The Energy Transition Outlook 2018 report from DNV GL, the Høvik, Norway-based classification society, says that over the next three decades, the world’s energy system will become substantially cleaner, more affordable, and more reliable.
DNV sees big changes emanating from advances in energy efficiency.
"Driven by pervasive electrification, especially of transport and by ongoing efficiency gains in other sectors, linked in many instances to digitalization, we expect energy intensity (energy use per unit GDP) to decrease more quickly than the global economy will grow in the long run," DNV GL Group President and CEO Remi Eriksen wrote in the study's foreword. "The net result of that will be a peaking of energy demand worldwide in the 2030s. An energy market becoming smaller in less than two decades from now makes the quest for efficiency so much more strategic and urgent.
"In 2017, we forecast a leveling off in global final demand after 2030," Eriksen wrote. "This year our forecast points more towards a peaking of demand at a slightly higher level than last year, and, from 2032, a noticeable decline in demand to 2050."
Highlights of the DNV study:
- The world will need less energy from the 2030s onwards owing to rapid energy efficiency gains; we forecast that primary energy supply will peak in 2032.
- The world’s energy system will decarbonize, with the 2050 primary energy mix split equally between fossil and non-fossil sources.
- Oil demand will peak in the 2020s and natural gas will take over as the biggest energy source in 2026. Existing fields will deplete at a faster rate than the decrease in oil demand. New oilfields will be required through to 2040.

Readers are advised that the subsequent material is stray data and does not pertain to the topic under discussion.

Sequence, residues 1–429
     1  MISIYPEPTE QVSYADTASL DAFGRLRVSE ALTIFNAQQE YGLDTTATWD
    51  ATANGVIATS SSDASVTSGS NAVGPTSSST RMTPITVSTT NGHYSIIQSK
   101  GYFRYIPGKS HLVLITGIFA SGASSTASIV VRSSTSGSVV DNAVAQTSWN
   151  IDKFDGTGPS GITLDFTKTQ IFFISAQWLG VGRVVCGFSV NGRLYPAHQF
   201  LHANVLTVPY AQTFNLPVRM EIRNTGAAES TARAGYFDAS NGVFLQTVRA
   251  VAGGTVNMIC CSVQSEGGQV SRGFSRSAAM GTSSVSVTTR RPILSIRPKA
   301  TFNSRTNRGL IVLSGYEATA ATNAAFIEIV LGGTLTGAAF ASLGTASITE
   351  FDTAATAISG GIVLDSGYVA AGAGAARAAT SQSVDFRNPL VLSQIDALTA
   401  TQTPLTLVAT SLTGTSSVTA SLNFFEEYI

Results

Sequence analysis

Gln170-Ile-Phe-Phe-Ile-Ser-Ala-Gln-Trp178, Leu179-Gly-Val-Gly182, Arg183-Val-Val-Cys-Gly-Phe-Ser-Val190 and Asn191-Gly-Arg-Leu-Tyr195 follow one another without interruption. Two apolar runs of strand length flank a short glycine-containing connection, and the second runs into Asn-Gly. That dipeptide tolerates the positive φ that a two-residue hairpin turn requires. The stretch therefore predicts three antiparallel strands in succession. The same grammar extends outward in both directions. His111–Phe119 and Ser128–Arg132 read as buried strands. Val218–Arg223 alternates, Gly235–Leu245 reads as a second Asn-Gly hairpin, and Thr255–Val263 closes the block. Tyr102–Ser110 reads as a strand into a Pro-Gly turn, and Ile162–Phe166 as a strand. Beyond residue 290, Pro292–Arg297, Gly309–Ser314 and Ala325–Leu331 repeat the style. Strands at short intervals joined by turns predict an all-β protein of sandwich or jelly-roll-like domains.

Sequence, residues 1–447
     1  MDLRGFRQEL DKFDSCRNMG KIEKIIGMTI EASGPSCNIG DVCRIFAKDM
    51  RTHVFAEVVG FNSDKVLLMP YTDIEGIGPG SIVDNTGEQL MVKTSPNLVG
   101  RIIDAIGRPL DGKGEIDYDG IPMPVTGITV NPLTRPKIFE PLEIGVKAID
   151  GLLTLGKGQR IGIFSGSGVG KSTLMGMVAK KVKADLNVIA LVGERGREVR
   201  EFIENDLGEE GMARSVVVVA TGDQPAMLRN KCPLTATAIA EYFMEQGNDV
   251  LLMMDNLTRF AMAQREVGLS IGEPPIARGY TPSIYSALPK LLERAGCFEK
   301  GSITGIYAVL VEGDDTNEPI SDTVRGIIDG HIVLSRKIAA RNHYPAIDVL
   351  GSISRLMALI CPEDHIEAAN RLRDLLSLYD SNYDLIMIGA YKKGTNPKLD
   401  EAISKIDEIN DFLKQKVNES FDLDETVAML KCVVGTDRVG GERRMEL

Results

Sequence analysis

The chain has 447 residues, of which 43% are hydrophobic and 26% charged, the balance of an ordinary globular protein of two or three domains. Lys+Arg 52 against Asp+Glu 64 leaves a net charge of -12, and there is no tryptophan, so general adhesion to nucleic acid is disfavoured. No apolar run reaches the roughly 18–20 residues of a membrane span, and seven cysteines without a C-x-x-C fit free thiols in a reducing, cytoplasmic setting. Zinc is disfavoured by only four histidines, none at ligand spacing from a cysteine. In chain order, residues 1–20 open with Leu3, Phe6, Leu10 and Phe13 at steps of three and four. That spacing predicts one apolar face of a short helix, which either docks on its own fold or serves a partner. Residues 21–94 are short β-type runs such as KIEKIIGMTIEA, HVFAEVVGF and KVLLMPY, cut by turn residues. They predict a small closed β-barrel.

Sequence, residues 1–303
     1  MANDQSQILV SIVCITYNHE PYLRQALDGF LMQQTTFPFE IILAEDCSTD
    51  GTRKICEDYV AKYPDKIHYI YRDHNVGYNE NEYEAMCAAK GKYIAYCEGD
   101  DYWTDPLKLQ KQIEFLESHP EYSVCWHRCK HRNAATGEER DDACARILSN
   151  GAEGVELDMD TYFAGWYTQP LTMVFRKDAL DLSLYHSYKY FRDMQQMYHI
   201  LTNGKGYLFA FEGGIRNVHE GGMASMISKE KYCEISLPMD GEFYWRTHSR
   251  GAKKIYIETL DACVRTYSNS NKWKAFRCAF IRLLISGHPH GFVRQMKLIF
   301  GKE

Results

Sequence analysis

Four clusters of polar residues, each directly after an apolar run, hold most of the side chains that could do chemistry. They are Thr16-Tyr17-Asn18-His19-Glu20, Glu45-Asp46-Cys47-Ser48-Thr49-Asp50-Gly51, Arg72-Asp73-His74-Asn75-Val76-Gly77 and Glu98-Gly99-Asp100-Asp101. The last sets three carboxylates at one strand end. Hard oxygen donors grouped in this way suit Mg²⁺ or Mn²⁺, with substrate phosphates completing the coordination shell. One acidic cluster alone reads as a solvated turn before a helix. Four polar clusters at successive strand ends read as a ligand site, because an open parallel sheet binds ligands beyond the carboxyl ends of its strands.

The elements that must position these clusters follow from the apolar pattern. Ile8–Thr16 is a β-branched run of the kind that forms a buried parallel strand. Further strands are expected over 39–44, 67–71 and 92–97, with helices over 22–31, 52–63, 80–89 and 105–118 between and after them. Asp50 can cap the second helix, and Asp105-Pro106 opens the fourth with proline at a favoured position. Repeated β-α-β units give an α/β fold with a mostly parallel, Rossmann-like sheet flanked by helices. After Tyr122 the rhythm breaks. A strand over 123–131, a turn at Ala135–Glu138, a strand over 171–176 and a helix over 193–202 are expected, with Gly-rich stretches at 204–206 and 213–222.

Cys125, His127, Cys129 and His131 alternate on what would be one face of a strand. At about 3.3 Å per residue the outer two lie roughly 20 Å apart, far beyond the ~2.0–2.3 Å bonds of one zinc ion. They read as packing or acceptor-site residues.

- Electricity consumption will more than double by midcentury to meet 45% of world energy demand, and solar PV and wind energy will supply more than two thirds of that electricity.
- The energy transition is affordable. As a proportion of world GDP, expenditure on energy will be lower in 2050 than today. Big shifts in investments are expected: more capex will go into grids and renewables than into fossil projects from 2029 onwards.
- The rapid transition we forecast will not be sufficient to achieve the less than 2°C climate goal. A combination of more energy efficiency, more renewables and more carbon capture and storage (CCS) is needed to meet the ambitions of the Paris Agreement.
The study also said:
- Oil and coal currently supply 29% and 28%, respectively, of global energy supply.
- Oil will peak in the 2020s, and gas will pass oil in 2026 to become the largest energy source.
- The fossil share of the global primary energy supply will decline from its current 81% down to 50% in 2050.
- Solar and wind will increase rapidly through the forecasting period, representing 16% and 12%, respectively, of the world primary energy supply in 2050.